... and my wife, when she returns to our cabin tomorrow, will be very happy to see that I have stopped shooting out of focus images of lights for CR posting  ::)

Just don't start breaking the glass off from around the filaments to prove the point or you'll be very unpopular !

Very interesting, but how does this answer the DC light bulbs not producing onion bokeh ?

EOS Bodies / Re: 7D Mark.II delayed again + 1Dx replacement mentioned.
« on: April 14, 2014, 05:45:51 PM »
  I'm sure the new 7D II will be awesome but the EOS landscape has changed a lot now that we have the 6D selling at a similar cost to the 7D's introductory price and I wonder what effect that will have on the next model.  Will it be a rugged 70D with higher FPS?  An APS-C 1D X Jr.?  Something else?

The slot is there ready for the new 7D now. IMO it will offer top end controls (now restricted to 1, 5 & 7D models) at a price equal to, or very slightly below the 6D but still twice as expensive as the current 70D, and for that extra money over the 70D you'll get 'high end' controls, slightly faster in speed and AF, and I think it will lose the pop up flash.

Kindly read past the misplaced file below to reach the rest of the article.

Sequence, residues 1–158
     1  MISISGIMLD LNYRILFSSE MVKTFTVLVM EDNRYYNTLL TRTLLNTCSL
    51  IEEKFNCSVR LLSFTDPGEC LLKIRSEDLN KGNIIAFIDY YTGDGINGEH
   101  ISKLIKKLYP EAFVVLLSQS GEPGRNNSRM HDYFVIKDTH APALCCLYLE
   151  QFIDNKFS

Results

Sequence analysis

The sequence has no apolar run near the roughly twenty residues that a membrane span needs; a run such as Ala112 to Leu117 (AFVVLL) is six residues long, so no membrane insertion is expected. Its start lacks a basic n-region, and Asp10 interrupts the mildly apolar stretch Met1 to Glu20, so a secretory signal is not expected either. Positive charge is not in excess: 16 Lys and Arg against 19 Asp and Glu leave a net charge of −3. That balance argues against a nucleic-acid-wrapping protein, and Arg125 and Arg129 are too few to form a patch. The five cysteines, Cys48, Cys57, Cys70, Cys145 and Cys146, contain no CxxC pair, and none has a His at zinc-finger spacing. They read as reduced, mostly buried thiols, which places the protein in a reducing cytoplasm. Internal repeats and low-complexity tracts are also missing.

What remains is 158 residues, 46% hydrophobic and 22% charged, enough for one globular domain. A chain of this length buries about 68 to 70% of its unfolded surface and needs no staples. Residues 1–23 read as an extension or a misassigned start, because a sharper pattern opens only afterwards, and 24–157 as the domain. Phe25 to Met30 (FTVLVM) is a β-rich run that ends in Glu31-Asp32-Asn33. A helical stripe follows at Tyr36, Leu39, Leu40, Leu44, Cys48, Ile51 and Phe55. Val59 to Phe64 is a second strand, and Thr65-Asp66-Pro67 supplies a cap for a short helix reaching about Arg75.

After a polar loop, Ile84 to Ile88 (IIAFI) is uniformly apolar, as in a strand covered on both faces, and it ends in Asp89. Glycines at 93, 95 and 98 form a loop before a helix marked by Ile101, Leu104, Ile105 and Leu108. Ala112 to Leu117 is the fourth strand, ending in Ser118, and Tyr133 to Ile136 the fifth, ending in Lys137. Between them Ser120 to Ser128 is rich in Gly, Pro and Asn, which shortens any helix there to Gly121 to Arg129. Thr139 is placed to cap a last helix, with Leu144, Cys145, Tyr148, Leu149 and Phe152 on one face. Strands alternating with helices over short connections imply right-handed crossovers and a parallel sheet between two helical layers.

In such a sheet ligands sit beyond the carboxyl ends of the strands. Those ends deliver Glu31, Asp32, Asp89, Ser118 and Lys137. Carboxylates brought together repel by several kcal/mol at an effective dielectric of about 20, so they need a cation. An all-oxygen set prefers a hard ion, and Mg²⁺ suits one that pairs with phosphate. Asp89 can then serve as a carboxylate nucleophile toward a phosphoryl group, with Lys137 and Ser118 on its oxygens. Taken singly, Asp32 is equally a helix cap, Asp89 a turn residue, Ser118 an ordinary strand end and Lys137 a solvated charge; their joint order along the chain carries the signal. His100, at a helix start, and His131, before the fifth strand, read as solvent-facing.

But also a different sensor which will eventually filter down the models until it's in the 1800D in five years time. And I guess that's what's holding it up. If dual pixel had been enough of a step forward I think we'd have seen it in a 7DII before filtering down to the xxD line.

Where's the real world weakness of aps against FF ? I find it's the high ISO Performance. From a marketing point of view FF can probably stand on its larger size benefit so Canon could afford to improve aps low light performance without taking too much away from potential new FF sales. How about an aps-c sensor with larger pixels, using the latest tech but still keep a resolution of around 14 to 16 mp.